#70-2 at 90. When he started, Garrett was forced to undergo
ten weeks of field training under a subordinate officer,
Corporal Foreman. Id. at 97-98. Garrett believes he
was the only sergeant in the Department's history to
undergo this type of training after a transfer to the Patrol
Division. Id. at 98. However, Aguirre testified that
it was “not unusual” to have a sergeant trained
by a corporal. Doc. #70-3 at 69.
approximately a week with the Patrol Division, Garrett wrote
to Aguirre and Gilbert to request a return to the CID because
the since-remediated “contamination was the sole reason
for me submitting the original transfer request.” Doc.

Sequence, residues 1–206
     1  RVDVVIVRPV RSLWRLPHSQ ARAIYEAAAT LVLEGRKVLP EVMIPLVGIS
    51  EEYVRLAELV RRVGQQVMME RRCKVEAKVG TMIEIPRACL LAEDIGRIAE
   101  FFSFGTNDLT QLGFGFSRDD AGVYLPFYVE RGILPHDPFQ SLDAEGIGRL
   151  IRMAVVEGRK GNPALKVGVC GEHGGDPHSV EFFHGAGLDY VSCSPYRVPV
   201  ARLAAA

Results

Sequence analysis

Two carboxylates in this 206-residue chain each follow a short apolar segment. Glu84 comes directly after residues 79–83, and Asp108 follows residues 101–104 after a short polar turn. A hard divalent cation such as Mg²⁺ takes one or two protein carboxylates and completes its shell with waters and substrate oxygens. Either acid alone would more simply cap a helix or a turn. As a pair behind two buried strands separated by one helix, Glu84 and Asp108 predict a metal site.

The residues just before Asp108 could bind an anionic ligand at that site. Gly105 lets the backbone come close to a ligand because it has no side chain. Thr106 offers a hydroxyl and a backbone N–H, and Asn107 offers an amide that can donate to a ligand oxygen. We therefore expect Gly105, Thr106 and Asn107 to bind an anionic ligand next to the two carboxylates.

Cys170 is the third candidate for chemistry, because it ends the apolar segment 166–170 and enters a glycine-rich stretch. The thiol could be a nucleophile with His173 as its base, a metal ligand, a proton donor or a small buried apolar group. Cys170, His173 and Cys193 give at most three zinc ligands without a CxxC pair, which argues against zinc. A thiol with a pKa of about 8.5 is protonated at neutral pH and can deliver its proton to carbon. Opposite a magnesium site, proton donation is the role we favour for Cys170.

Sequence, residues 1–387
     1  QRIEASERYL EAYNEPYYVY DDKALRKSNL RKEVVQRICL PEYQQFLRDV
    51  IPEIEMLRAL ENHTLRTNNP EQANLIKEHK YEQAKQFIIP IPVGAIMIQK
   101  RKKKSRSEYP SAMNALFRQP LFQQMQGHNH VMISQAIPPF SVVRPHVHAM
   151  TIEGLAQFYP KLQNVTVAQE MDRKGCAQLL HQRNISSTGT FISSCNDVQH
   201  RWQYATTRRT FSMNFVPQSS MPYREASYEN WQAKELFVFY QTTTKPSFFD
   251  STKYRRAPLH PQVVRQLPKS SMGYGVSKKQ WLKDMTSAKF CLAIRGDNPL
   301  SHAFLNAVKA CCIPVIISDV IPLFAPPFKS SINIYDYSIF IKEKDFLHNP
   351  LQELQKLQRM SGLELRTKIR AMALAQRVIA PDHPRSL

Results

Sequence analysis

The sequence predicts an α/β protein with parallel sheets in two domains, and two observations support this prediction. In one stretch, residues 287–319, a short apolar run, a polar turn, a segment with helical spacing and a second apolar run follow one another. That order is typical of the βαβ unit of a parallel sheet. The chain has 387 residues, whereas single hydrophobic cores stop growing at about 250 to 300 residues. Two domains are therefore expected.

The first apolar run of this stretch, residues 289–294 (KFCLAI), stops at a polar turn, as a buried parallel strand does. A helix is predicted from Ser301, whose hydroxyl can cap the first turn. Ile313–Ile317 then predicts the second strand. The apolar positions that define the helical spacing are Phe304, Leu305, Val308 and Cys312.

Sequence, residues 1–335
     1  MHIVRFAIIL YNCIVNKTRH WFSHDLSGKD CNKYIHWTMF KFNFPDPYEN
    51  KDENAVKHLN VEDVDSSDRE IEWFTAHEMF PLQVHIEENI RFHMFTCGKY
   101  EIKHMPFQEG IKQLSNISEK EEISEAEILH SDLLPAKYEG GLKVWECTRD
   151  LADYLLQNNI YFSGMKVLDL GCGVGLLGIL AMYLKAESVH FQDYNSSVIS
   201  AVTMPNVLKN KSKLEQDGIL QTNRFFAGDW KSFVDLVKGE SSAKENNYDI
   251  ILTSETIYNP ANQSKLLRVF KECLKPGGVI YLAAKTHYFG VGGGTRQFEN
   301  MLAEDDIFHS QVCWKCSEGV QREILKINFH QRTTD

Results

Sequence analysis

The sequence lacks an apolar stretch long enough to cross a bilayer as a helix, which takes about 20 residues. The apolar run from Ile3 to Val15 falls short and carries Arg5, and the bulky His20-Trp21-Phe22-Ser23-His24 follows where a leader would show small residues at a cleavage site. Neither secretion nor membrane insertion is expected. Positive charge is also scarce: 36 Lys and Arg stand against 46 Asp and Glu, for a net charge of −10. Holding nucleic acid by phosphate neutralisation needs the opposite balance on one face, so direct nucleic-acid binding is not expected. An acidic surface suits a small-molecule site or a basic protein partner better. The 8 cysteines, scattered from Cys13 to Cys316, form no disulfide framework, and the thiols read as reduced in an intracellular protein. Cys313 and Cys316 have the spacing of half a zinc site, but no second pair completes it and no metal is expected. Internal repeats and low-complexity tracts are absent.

#70-20. Aguirre denied this request because he felt Garrett
was “doing an excellent job” with Patrol and was
concerned about personality problems between Garrett and his
former supervisors in the CID, Lynette Sandlin and Jerry
Davis. Doc. #70-3 at 37.
August 20, 2015, counsel for Garrett wrote to Aguirre and
Mayor Jason Shelton to request that the CID be moved to a new
building. Doc. #70-21. One week after this letter, Davis
issued Garrett a “Documentation Only” write-up
for allegedly misplacing a suicide victim's gun while
Garrett was still with the CID in April 2015. Doc. #70-22.
The document alleged that “Garrett violated established
procedure by not turning evidence into property and
maintaining proper documentation and chain of custody.”
Id. In a written response to the write-up, Garrett
argued that he did not misplace the gun, that he could ...